On November 22nd, Lisa Treviño received news that is every mother’s worst nightmare. Police officers came to Treviño’s house and informed her that two teenage girls had died in a fire at a nearby apartment.
One of the girls was her daughter, 15-year-old Azalyia “YaYa” Hernandez. The other victim was her friend, 16-year-old Eliza “Ellie” Maurer.
The girls were sophomores at Fredericksburg High School. The night started out like a typical weekend for any teenager: Hernandez told her mother that she was going to go to a sleepover with Maurer after they had both attended a quinceañera with her family earlier that day.
“I’m the type that when my kids aren’t at home, I’m the type that calls them. And I can’t go to sleep until I hear from them that they’re okay,” Treviño told Spectrum News 1. “I told her, ‘Okay, Azalyia, make good choices, think good choices and I love you.’ And the last text I got, ‘I will mom. I love you too.'” That was the last communication Treviño had with her daughter.
The Maurer family is also coping with their grief. They released a statement, saying: “We are shocked and devastated at the news of our daughter’s death. Ellie (Eliza) was a beautiful child. She loved playing basketball and volleyball. She had a spunky personality and was a social butterfly. Ellie was loved by her friends and family. We still cannot believe this happened. We have been so blessed by the outpouring of support by friends, family and the community and we are incredibly thankful for that.”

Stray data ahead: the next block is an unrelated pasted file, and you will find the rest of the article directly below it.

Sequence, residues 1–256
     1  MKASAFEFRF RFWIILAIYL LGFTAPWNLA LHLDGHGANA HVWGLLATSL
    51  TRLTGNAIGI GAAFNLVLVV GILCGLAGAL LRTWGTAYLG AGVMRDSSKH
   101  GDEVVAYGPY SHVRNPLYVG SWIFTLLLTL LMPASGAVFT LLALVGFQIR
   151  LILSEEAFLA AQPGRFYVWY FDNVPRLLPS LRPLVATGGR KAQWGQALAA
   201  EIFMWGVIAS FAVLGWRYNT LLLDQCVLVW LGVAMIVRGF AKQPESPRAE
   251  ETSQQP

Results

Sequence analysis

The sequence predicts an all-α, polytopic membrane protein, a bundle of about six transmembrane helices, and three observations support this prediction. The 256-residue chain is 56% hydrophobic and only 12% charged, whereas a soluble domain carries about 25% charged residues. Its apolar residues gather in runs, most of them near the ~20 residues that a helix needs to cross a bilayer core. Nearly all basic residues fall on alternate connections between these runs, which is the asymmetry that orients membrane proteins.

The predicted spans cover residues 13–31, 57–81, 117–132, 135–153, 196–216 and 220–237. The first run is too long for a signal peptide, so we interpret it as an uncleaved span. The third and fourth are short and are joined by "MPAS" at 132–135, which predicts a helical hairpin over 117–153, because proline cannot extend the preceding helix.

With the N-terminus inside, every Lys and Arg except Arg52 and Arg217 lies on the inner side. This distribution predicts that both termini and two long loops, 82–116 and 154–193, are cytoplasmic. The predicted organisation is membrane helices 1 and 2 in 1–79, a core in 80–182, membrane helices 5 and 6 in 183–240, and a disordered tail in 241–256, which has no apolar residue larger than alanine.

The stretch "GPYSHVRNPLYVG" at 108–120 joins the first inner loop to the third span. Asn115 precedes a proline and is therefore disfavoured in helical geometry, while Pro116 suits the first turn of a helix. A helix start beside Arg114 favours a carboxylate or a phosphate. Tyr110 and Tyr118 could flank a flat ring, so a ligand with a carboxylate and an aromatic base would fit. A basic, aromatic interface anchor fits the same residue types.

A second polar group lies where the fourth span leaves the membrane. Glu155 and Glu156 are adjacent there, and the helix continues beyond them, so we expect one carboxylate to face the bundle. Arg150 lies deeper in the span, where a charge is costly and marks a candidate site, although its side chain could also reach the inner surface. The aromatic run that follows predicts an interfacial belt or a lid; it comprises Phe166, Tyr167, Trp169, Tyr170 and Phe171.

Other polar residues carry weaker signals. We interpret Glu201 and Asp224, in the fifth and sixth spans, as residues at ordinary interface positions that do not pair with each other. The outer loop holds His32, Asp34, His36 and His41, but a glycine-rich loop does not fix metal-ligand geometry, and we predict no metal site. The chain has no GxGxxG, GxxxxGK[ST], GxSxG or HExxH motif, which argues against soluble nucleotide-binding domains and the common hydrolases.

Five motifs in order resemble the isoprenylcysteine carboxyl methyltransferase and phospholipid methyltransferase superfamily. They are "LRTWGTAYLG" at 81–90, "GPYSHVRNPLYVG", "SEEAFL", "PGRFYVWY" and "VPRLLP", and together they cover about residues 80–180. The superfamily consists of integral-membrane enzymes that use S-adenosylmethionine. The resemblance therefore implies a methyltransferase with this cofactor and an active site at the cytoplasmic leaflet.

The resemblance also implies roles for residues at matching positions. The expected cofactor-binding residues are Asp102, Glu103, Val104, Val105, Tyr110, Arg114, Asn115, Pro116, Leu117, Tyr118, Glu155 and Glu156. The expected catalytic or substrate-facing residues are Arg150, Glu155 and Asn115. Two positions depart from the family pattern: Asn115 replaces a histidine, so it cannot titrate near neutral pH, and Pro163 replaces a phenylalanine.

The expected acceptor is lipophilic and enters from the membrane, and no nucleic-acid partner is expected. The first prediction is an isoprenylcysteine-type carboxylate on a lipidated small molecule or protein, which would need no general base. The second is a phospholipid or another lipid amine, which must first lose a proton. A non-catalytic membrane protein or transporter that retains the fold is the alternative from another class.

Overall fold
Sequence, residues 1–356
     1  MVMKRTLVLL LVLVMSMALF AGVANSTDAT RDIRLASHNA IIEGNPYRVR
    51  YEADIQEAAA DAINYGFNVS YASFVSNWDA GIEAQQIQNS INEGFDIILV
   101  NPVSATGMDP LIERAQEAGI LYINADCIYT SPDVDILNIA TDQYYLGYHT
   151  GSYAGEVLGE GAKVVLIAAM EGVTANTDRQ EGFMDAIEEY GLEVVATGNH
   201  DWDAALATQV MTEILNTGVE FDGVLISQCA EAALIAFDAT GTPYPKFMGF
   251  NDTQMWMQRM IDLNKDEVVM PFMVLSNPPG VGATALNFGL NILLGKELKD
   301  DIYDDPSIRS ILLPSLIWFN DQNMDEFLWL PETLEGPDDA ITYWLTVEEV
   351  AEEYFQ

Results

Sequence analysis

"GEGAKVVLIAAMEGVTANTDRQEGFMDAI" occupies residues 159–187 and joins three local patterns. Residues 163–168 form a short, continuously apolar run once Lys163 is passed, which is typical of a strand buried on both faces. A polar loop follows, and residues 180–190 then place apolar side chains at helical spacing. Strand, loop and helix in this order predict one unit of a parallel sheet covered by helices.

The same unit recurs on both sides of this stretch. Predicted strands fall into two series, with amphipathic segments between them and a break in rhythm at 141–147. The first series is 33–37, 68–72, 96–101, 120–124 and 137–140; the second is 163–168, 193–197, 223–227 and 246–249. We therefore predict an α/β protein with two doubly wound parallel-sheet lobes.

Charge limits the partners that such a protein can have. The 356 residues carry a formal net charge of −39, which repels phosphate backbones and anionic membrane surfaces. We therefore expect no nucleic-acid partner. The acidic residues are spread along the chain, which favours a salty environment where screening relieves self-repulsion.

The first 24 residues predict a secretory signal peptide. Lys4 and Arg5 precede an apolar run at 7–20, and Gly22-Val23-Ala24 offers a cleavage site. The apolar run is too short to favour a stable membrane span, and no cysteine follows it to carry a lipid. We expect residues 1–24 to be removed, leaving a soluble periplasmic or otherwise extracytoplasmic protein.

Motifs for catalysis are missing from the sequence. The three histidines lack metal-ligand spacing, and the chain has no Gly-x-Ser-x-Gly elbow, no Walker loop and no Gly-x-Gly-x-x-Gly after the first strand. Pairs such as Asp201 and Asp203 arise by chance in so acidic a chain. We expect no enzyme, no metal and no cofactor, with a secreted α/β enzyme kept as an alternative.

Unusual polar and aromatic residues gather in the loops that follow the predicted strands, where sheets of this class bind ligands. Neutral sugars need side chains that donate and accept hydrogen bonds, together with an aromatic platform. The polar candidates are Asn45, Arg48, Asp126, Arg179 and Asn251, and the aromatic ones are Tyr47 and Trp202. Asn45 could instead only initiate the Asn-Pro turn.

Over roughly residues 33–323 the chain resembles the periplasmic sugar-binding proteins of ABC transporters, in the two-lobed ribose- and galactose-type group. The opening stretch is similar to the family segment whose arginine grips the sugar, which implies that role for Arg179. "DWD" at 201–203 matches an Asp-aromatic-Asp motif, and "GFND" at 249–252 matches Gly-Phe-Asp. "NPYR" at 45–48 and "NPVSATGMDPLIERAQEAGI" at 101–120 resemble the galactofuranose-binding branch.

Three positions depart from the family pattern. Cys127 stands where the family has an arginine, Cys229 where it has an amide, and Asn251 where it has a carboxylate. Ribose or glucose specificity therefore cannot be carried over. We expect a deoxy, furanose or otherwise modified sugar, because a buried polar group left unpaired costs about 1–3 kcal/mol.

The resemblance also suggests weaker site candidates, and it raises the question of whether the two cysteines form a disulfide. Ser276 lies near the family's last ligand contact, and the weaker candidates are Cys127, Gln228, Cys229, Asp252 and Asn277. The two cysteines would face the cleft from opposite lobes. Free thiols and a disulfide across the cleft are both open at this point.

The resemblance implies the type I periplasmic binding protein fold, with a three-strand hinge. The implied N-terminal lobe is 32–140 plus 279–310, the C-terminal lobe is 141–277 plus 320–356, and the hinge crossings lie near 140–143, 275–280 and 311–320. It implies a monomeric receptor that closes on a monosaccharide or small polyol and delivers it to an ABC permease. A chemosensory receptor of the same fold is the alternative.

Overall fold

According to the Sorola-Treviño family, police suspect foul play was involved.
“As with all deaths, they are treated as a homicide until proven otherwise,” said Fredericksburg Chief of Police Steven Wetz to Spectrum News 1.
According to Treviño, police told her that the girls’ bodies were found in a bedroom. The Fredericksburg Police Department says that the primary causes of both deaths was smoke inhalation. Evidence points to the fire having been started on a couch.
“The very first thing that they told us was that they found them nude and that there was foul play, and there was some suspects who had run from the apartment,” said Gary Sorola, Hernandez’s stepfather, to Fox 7 Austin.
It is still unknown why the girls were at the apartment building, but the Sorola-Treviño family say that the girls knew the son of the woman who rents the apartment.
The Fredericksburg community is shaken by the death of the two girls. Both of the girls’ families are devastated. The victims’ families and friends said the two girls had big plans for the future. Ellie wanted to become a lawyer, while YaYa wanted to join the Air Force and work with K-9s before becoming a nurse.
December 14th would have been Azalyia’s 16th birthday. But now, her mother will have to endure what should have been a happy day without her daughter.
“Now she’s gone and I’m not gonna have a chance to ever see her grow or accomplish what she wanted to accomplish. She’s gone. They took her from me too young,” Treviño said.
Police are asking anyone with information about the night in question (November 21st) to come forward. Contact them at 830-997-7585 or call Crime Stoppers at 997-8477 (TIPS).